IMF To Nigeria: End fuel subsidies, Ignore Protests
With controversy swirling around Nigeria’s fuel subsidies, the International Monetary Fund (IMF) asserts that removing fuel subsidies will be the only solution to the country’s economic recovery.
The Executive Directors of the World Economic Outlook report recommended that the government devise a way to compensate the poor, warning that the resources saved should be transparently used.
“Directors highlighted the urgency of fiscal consolidation to create policy space and reduce debt sustainability risks. In this regard, they called for significant domestic revenue mobilisation, including further increasing the value-added tax rate, improving tax compliance, and rationalising tax incentives.
“Directors also urged the removal of untargeted fuel subsidies, with compensatory measures for the poor and transparent use of saved resources. They stressed the importance of further strengthening social safety nets.
“Directors welcomed the removal of the official exchange rate and recommended further measures towards a unified and market-clearing exchange rate to help strengthen Nigeria’s external position, taking advantage of the current favourable conditions. They noted that exchange rate reforms should be accompanied by macroeconomic policies to contain inflation, structural reforms to improve transparency and governance, and clear communications regarding exchange rate policy.
“Directors considered it appropriate to maintain a supportive monetary policy in the near term, with continued vigilance against inflation and balance of payments risks. They encouraged the authorities to stand ready to adjust the monetary stance if inflationary pressures increase. Directors recommended strengthening the monetary operational framework over the medium term—focusing on the primacy of price stability—and scaling back the central bank’s quasi-fiscal operations,” the IMF noted.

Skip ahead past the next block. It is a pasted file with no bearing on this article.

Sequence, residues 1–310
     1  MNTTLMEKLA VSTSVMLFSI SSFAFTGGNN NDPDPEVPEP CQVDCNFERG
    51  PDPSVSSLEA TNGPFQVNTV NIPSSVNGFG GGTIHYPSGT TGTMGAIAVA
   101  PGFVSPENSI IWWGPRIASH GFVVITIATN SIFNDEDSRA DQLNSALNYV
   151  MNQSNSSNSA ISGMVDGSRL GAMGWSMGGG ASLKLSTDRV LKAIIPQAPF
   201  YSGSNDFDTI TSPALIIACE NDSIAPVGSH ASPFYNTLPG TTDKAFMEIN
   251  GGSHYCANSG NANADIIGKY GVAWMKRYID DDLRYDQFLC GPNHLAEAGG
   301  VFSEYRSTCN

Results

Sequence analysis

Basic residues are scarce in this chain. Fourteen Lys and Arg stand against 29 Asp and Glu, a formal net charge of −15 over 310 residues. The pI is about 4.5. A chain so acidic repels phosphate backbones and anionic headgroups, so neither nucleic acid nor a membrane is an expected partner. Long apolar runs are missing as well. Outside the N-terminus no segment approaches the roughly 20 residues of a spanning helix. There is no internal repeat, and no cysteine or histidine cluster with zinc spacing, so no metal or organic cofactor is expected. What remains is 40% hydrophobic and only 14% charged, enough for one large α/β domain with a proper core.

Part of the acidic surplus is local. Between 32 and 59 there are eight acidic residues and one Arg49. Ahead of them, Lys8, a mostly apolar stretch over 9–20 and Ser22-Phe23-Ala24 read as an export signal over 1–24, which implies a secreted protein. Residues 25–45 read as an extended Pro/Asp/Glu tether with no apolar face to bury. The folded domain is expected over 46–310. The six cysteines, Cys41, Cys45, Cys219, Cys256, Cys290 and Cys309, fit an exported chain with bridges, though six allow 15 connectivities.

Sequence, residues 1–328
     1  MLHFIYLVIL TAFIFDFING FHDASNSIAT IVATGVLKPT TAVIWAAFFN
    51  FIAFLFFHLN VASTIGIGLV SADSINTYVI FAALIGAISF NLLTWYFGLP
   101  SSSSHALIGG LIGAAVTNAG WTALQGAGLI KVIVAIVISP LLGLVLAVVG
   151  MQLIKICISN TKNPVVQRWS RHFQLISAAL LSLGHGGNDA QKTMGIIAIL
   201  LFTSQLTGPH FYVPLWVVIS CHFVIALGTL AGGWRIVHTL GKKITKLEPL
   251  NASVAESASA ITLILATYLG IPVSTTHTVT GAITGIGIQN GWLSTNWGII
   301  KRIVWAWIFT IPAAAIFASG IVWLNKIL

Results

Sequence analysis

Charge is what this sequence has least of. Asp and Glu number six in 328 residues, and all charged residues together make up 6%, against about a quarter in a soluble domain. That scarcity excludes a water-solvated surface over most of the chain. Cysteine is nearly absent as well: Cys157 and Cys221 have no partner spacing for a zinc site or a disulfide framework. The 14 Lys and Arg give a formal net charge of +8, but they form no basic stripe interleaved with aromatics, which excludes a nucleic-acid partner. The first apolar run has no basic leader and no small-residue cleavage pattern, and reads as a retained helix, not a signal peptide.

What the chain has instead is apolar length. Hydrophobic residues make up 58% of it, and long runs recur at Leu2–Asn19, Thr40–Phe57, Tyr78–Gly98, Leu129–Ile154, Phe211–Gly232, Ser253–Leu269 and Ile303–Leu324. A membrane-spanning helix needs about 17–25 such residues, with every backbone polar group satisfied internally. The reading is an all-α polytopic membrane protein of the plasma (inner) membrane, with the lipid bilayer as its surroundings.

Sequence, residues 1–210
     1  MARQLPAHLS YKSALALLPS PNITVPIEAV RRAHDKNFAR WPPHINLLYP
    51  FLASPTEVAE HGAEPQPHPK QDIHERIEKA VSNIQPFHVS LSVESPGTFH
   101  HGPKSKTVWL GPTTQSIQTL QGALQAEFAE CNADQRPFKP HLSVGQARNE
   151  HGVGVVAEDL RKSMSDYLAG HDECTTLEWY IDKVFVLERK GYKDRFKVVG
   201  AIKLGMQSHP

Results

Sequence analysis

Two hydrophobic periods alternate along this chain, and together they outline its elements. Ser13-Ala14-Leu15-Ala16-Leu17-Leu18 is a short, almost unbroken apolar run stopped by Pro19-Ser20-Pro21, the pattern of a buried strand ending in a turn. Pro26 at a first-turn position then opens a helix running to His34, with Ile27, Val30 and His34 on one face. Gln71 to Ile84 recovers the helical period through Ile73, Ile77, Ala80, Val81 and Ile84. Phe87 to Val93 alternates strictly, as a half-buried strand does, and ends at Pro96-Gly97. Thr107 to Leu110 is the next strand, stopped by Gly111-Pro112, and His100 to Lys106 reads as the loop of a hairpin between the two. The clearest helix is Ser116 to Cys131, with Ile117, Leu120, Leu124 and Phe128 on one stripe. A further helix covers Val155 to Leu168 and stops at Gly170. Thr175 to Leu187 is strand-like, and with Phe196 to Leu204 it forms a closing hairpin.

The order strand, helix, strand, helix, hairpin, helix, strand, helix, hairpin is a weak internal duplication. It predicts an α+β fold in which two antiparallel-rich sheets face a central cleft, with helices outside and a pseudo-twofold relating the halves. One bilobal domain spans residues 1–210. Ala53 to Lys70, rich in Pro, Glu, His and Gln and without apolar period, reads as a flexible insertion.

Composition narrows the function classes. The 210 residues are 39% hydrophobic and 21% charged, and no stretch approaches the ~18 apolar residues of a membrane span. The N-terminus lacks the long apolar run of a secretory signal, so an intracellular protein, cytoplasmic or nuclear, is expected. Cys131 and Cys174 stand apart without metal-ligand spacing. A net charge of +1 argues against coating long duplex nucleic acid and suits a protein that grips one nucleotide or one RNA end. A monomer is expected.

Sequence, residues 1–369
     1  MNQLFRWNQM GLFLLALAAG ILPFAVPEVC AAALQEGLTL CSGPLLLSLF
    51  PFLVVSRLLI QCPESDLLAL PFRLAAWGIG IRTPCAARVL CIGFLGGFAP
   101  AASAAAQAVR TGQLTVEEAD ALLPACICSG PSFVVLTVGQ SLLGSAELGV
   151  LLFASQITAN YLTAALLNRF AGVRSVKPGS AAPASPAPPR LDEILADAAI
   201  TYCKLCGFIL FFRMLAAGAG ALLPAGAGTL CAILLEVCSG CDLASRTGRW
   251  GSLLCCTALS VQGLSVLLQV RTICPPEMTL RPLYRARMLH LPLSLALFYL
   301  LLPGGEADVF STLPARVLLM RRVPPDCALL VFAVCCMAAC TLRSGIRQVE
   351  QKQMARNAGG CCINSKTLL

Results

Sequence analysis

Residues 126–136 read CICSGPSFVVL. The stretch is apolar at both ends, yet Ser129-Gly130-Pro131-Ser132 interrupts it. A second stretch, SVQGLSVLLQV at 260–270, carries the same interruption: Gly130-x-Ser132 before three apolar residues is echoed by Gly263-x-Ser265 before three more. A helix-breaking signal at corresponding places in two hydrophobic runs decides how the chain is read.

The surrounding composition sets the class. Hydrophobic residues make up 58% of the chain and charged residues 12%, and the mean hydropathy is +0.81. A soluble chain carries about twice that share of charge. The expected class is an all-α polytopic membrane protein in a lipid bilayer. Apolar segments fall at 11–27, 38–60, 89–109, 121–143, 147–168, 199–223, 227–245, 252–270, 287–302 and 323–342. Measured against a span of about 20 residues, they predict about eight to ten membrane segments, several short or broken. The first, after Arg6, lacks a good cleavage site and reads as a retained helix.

In her 2022 Budget Breakdown speech, the Minister of Finance Budget and National Planning, Mrs Zainab Shamsuna Ahmed said that one major way to save the economy from collapsing was to remove oil subsidies. It triggered a backlash with labour unions threatening an indefinite strike.
Government officials backed away from the removal earlier this year, claiming it would worsen Nigerians’ sufferings.
At a meeting with the senate president, Ahmad Lawan, the Minister of Finance Budget and National Planning, Mrs Zainab Shamsuna Ahmed, said the government would work on amending the 2022 Budget to provide funds for that purpose.
According to her, the government has realised that the timing of its planned removal of petrol subsidy is “problematic”, and will worsen the sufferings of Nigerians.
She said the government will not remove subsidies in July as it earlier planned while counting on the upcoming Dangote Refinery to increase the country’s refining capacity.